Maybe you have been wanting to learn since you saw Phil Dalhauser or Kerry Walsh in the Olympics or you are simply thinking of fun ways to get in shape, here is our guide to the ins and outs of learning how to play beach volleyball here in Southern California.
Your first question might be, are there any prerequisites to getting into beach volleyball? There really aren't but those who already know a different ball sport like tennis or handball seem to have an easier time, and, as with most sports, being athletic in general helps. And being tall seems to help too! But don't be discouraged if the above don't apply to you! The most important attribute is being interested and investing time to learn, so as long as you got those covered, you are good to go!
FINDING A BEACH VOLLEYBALL CLASS, TRAINER OR COACH
There are tons of high level volleyball players turned coaches that are available for private lessons or small group classes (less than 6 people). Whether you have never touched a volleyball in your life or have only played indoor, lessons and classes are a great way to learn the sand game and meet other people at your skill level. KCB Volleyball has classes and small group training sessions in Manhattan Beach and Playa del Rey, California that are fun and affordable for beginner and intermediate level beach volleyball players. Email email@example.com or call or text Cindy at 310-906-6781.
Eventually you will want to set up (competitive social) games and in order to do that you need to meet people. If you don’t know anyone, classes are a great way to start. If you don’t like the idea of a class or know a few other interested people who are at similar skill level, you can get together 2 to 6 other people for a small group training session once or twice per week. Also, the coaches often know other people who may be interested in joining your group (or are looking for new people to join their group) so don’t hesitate to talk to them about that.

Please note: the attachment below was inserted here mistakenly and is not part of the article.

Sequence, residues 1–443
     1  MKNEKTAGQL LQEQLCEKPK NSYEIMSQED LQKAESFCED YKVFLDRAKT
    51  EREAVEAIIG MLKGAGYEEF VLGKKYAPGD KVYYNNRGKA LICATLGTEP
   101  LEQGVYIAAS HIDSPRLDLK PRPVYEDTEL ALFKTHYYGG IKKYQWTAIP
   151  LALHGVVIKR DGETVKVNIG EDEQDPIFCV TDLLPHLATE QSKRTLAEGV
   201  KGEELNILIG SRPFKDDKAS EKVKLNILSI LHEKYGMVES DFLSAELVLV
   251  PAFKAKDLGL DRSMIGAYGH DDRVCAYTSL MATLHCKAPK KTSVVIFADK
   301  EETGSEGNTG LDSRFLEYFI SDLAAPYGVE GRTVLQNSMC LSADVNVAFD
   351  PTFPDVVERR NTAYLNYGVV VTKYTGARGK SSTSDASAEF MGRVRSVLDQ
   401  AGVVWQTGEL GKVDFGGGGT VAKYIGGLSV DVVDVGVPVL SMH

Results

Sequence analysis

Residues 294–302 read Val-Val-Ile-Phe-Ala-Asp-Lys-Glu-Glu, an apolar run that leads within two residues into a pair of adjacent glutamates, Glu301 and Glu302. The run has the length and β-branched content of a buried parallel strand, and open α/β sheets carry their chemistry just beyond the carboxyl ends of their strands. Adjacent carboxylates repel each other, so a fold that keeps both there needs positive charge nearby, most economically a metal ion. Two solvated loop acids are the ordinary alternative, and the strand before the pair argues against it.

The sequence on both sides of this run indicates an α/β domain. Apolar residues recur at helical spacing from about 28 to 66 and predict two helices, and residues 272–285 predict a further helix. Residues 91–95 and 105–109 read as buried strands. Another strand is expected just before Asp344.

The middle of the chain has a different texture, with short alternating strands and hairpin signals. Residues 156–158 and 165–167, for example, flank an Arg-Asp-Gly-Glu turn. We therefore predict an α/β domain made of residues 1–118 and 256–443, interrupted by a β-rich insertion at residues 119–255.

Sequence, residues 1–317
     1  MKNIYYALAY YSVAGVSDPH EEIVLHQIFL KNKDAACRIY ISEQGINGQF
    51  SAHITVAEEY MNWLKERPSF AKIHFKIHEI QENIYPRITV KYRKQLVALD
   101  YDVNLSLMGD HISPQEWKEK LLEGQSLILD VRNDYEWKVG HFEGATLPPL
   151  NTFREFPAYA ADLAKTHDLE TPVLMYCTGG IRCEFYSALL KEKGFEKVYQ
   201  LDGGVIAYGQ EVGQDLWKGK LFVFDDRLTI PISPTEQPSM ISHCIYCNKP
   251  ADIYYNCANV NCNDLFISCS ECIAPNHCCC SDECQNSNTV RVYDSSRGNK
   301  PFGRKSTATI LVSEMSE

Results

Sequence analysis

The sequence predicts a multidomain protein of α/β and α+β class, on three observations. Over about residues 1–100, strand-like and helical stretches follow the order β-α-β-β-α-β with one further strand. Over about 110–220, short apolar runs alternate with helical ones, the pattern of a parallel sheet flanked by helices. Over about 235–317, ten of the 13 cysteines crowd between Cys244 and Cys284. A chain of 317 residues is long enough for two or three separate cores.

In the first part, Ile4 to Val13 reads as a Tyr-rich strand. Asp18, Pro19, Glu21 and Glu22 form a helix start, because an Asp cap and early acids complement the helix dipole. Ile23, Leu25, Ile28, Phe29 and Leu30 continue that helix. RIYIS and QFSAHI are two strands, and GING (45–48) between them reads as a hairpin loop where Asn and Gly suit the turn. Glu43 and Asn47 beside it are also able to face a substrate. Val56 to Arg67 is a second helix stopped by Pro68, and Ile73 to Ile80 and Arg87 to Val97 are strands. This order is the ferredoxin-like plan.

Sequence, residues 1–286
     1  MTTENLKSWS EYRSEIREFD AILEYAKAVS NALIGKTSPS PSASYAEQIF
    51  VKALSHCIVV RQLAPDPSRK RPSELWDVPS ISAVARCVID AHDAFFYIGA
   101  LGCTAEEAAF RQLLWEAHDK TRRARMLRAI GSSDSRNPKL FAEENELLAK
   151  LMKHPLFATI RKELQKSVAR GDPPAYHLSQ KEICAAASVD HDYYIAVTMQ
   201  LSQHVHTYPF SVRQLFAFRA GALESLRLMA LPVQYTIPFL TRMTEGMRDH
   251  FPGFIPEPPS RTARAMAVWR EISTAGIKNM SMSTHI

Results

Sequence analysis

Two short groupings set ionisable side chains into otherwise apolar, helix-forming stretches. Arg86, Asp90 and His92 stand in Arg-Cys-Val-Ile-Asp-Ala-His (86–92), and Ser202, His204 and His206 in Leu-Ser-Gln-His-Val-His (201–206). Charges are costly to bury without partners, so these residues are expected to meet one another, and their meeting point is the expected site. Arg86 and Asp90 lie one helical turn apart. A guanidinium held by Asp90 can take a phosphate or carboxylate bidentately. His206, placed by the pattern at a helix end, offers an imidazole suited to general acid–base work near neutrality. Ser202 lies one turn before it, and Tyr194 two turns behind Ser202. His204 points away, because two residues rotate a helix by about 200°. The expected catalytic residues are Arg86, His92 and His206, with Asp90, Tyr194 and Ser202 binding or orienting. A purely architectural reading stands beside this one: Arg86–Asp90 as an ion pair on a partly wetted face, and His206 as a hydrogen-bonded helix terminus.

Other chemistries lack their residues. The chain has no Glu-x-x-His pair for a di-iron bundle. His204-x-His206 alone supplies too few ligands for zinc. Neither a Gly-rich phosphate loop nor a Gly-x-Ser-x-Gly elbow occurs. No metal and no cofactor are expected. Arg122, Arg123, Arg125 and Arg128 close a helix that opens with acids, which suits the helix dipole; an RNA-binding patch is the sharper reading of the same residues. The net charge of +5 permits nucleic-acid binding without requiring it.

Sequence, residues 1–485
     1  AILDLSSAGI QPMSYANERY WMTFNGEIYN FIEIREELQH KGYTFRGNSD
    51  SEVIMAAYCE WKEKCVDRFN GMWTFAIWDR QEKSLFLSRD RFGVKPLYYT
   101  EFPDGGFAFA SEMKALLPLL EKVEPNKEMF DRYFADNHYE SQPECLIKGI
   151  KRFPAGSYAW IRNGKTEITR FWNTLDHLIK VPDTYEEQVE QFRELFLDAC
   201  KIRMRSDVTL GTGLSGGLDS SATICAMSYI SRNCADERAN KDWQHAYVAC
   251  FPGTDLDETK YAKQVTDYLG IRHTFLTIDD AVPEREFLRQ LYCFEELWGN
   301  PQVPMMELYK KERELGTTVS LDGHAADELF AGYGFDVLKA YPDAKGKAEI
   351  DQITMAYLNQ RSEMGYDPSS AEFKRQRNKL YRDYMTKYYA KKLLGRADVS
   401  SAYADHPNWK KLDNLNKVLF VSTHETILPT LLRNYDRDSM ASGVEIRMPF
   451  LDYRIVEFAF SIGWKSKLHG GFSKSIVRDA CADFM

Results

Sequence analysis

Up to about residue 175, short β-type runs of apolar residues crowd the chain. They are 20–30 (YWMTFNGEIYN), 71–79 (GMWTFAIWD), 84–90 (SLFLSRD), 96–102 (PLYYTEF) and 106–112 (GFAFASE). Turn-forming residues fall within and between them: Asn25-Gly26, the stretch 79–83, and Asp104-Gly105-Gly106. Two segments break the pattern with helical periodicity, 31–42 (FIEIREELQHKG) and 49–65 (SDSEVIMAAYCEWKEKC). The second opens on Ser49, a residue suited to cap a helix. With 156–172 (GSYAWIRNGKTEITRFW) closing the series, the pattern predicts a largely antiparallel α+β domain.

Remember, it may seem giant at first but the SoCal beach volleyball community is actually relatively small. When you are playing or training don't be a Focker, be cool, positive, encouraging and reasonably humble and people will want to play with you. Also, be responsive to anyone who asks you to play games (hmm, manners people) and show up ON TIME to games! (Or you may end up the subject of one of Stacy funny ass music videos ) And when you play with new people that you like always get their number (duh! but people often forget) so you can continue to develop your beach volleyball player Rolodex!
Do I need my own beach volleyball?
If you are a total newbie and just taking a class then no, the coaches will supply the balls. Once you start meeting people and setting up your own social volleyball games then yes you will need at least one ball. Most people play with the yellow and white Wilson AVP Official Game Ball. Costco is a great place to find inexpensive authentic leather volleyballs. (Do not buy any volleyball that is less than $28 because it is a fake and will kill your arms!)
And contrary to what many tourists seem to think, all of the beach volleyballs that you see around the courts when people are playing social games belong to those players. Do not just walk up and grab a ball! You can ask to borrow one but don’t be shocked to receive a no, and if you get a yes, be sure to return the ball when you are finished and thank the players/owners.
WHAT TO WEAR?